Wildlife crime is a high priority for the Scottish Government, yet prosecution and conviction rates remain low for these types of crime. This results in part from the fact that many of these crimes occur in remote locations, meaning that Police Scotland face challenges in the gathering of sufficient evidence for the identification and prosecution of perpetrators. It has been shown that the perpetrator’s DNA can be recovered from the carcasses of poached deer and from baits, traps and carcasses in raptor persecution cases, but this technology has rarely been used in the investigation of these types of crime. We will develop a kit to collect human DNA from wildlife crime scenes, demonstrate that it can be effectively used to recover DNA of suitable quality and quantity to produce reportable profiles in the laboratory and natural environment, and develop a training programme to instruct individuals in the use of the kits. This will facilitate the capture of evidence at the scene of wildlife crimes, increasing the utilisation of forensic science at source for these cases, with the ultimate aim of increasing rates of prosecution and conviction of individuals who perpetrate crime against animals in Scotland.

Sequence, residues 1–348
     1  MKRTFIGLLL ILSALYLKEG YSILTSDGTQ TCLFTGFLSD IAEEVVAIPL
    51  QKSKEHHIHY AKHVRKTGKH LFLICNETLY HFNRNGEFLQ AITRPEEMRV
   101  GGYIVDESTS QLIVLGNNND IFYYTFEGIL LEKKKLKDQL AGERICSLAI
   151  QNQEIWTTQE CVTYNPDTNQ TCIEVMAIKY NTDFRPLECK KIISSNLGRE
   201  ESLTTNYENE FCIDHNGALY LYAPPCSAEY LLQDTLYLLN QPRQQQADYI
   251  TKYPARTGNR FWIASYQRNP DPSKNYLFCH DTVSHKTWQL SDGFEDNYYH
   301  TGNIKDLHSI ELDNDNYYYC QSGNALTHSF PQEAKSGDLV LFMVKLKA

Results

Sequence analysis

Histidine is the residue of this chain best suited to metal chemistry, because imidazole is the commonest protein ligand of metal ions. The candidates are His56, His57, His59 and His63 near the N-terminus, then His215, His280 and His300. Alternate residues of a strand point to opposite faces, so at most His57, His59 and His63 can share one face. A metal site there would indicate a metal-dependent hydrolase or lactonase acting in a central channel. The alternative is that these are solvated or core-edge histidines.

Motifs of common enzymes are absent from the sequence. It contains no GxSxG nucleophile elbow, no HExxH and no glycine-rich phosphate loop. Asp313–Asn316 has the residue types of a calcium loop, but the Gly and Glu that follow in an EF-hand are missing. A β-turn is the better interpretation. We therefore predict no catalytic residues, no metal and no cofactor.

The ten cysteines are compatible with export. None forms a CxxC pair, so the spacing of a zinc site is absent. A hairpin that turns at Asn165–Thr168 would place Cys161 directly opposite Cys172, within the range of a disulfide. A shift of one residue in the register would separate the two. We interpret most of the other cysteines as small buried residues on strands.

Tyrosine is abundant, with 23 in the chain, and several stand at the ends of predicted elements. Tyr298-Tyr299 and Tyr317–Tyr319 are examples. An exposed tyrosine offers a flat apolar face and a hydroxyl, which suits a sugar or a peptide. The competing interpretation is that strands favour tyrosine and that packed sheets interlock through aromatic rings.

Project funded by Nature Scotland Partnership for Action Against Wildlife Crime funding sub-group (£2K; C Gannicliffe, J Govan, PR Haddrill (Principal Investigator)) and Scottish Institute for Policing Research ‘Addressing the Future Research Challenges in Forensics’ Evidence and Investigation Network Collaborative Grants (£2K; J Govan, PR Haddrill (Principal Investigator)).
|Effective start/end date||3/04/19 → …|
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